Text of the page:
3 The Swedish Knight Baron was involved in looking after the affairs at Dundas of Captain James Dundas of Dundas who lived in London, and his letters to Dundas deal with political matters as well as business and estate affairs. In 1768 James Dundas had contested Linlithgowshire for parliament against John Hope. Both sides created new votes which were the subject of litigation in the Court of Session and the House of Lords, but Hope was returned by a vote of In 1770 he was unseated on the petition of his opponent, James Dundas. Hope had lost favour, both with his patron (John Hope, 2nd Earl of Hopetoun) and with the majority of the House of Commons, for his equivocal support for the government in the Wilkes affair. By the 1774 election Lord Hopetoun had regained control of Linlithgowshire, and James Dundas stood no chance there. Supported by Sir Lawrence Dundas, he unsuccessfully contested Linlithgow Burghs in opposition to Sir James Cockburn. (Dundas, Adv. MS ; Namier & Brooke, ii, p.357; ODNB) During this period Alexander Baron evidently joined George Seton, his uncle, in business in Stockholm. He was there by 1777, and from then on seems to have divided his life between Sweden and Scotland. In 1784 Alexander Baron corresponded with James Dundas's son, George Dundas of Dundas, on various matters. On February 24th he wrote: 'My people here are particularly fond of the method adopted at Hounslow Powder Milns of sifting and sorting by Buffalo Skin sieves. I therefore hope it may be in your power thro your acquaintance with the proprietor to procure me half a skin for a tryal with one of their old sieves for a pattern and an iron with which they drill the holes. Or perhaps it might be as well to buy two or three of the sieves ready made'. George Dundas was particularly keen for Alexander Baron to come over for the parliamentary election in May but this proved not to be possible, partly it seems because of the weather (Stockholm harbour being still frozen on 29th April) and partly because Alexander did not wish to repeat his journey of the previous winter. In a letter to Captain George Dundas of the Winterton Indiaman, dated 8th February 1788, Alexander refers to his son Archie who was on board the ship. (Dundas, Adv. MS ) On 26 August 1783 Alexander had the degree of Doctor of Laws conferred upon him by the University of St Andrews, and in the same 27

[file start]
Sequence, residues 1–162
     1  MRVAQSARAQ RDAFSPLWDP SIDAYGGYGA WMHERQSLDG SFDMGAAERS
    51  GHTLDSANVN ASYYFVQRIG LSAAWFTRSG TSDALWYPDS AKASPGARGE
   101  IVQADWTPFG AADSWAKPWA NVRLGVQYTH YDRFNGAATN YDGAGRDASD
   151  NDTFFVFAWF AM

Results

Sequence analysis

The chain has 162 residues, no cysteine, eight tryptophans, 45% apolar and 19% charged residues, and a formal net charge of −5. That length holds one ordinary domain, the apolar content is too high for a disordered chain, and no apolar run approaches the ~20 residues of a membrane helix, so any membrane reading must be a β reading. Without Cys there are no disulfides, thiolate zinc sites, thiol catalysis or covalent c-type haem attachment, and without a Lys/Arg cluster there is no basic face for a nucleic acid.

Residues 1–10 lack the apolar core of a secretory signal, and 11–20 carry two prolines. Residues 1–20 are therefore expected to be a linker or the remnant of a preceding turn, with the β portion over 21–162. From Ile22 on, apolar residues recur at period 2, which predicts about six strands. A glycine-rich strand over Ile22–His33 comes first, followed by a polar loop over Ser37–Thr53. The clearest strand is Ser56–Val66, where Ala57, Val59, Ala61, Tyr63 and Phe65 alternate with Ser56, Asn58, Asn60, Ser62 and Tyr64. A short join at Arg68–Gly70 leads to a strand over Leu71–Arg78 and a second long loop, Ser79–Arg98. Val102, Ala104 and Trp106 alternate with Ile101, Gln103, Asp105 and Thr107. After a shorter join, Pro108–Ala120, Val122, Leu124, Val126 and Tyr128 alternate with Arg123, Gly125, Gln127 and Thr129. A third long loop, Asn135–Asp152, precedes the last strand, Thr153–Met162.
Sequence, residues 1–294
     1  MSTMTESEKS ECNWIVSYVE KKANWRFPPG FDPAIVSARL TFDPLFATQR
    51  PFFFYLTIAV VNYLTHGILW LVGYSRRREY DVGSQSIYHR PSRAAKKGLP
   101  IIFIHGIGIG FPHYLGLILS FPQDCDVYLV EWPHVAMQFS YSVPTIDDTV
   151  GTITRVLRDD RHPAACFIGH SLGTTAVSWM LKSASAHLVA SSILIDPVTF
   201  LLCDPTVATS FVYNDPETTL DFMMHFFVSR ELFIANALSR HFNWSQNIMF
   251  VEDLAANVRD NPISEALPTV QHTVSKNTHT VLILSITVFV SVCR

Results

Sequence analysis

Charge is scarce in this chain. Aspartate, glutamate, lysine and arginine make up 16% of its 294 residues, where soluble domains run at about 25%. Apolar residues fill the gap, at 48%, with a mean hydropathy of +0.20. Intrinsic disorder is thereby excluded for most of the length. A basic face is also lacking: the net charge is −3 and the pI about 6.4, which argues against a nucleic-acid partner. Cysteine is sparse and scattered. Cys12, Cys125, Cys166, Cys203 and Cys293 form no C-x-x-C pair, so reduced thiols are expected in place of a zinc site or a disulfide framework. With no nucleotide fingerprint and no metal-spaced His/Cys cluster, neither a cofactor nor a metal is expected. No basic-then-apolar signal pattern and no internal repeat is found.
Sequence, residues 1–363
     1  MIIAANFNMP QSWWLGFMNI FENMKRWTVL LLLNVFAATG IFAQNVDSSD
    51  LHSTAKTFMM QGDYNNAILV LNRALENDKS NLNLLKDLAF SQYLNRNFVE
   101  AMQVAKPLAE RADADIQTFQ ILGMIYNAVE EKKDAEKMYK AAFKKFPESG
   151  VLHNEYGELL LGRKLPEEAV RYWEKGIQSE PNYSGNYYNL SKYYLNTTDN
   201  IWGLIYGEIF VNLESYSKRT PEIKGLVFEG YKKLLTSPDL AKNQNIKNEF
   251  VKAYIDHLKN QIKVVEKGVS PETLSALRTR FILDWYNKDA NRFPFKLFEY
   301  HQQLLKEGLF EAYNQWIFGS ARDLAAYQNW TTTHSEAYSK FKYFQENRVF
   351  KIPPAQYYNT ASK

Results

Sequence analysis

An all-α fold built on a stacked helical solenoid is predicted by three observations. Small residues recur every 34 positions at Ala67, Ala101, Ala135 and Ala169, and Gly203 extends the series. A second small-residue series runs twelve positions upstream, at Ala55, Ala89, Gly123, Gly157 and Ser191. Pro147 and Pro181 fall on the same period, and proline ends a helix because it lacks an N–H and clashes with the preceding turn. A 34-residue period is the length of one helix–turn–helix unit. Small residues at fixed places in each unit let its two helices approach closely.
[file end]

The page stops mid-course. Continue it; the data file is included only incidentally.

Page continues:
4 Northern Studies, vol. 39 year he obtained a grant of armorial bearings from the Lyon King of Arms. Like his uncle, Alexander Baron became a naturalised Swede, and received a patent of arms from King Gustav on 17th November It was in this year that he took the name of Seton, on being adopted by his uncle, then a very old man. About this time Alexander acquired the stately house and fine estate of Ekolsund at Husby Sjutolfts, from King Gustav Ill. Ekolsund was one of the royal palaces, and was in the region of Uppland to the north of Stockholm. It is noted for its wild swans. According to Marryat, George Seton had lent large sums of money to King Gustav who became unable to repay the debt. In 1797 Alexander became a Knight of the Order of Vasa, and was henceforth styled Sir Alexander Seton. In a letter to Robert Liston, his second cousin, dated 31 March 1795 at Ekolsund, Seton gave his thoughts on the Scottish constitution: 'What pity the British parliament in our younger days stopt short with the Jurisdiction and Clan Act - every fiction... of the feudal system ought to have been burnt; the jury in civil cases as possessed so late as James V been restored; the Habeas Corpus, infinitely superior to our act of wrongous imprisonment, been extended to us; the representation in the country to comprehend all men of land property, even down to 24 Scots; the relevancy of a libel determined by the grand jury in place of the Scots judges; the commissary and admiralty courts should likewise have attracted some notice. The feudal aristocratical principles have gained strength and now form the most prominent feature of the Scots constitution. On review of what I have said I think some apology may be necessary for my political creed, when addressing one in the respectable station you hold, but be assured that it's very far from my meaning either to speak sedition or treason. I speak as an old Scotsman influenced by patriotism, and a real love for the prosperity and honour of my native country and willing to divest myself of all my feudal priviledges to evince my sincerity.' Robert Liston was a diplomat and had been envoy extraordinary at Stockholm from 1788 to (Liston, MS.5576, ff.62-5; DNB) On 16 February 1798, Sir Alexander Seton wrote to Robert Liston from Edinburgh: 'My last to you was soon after my arrival at Ekolsund the beginning of last October. Our young king whose 28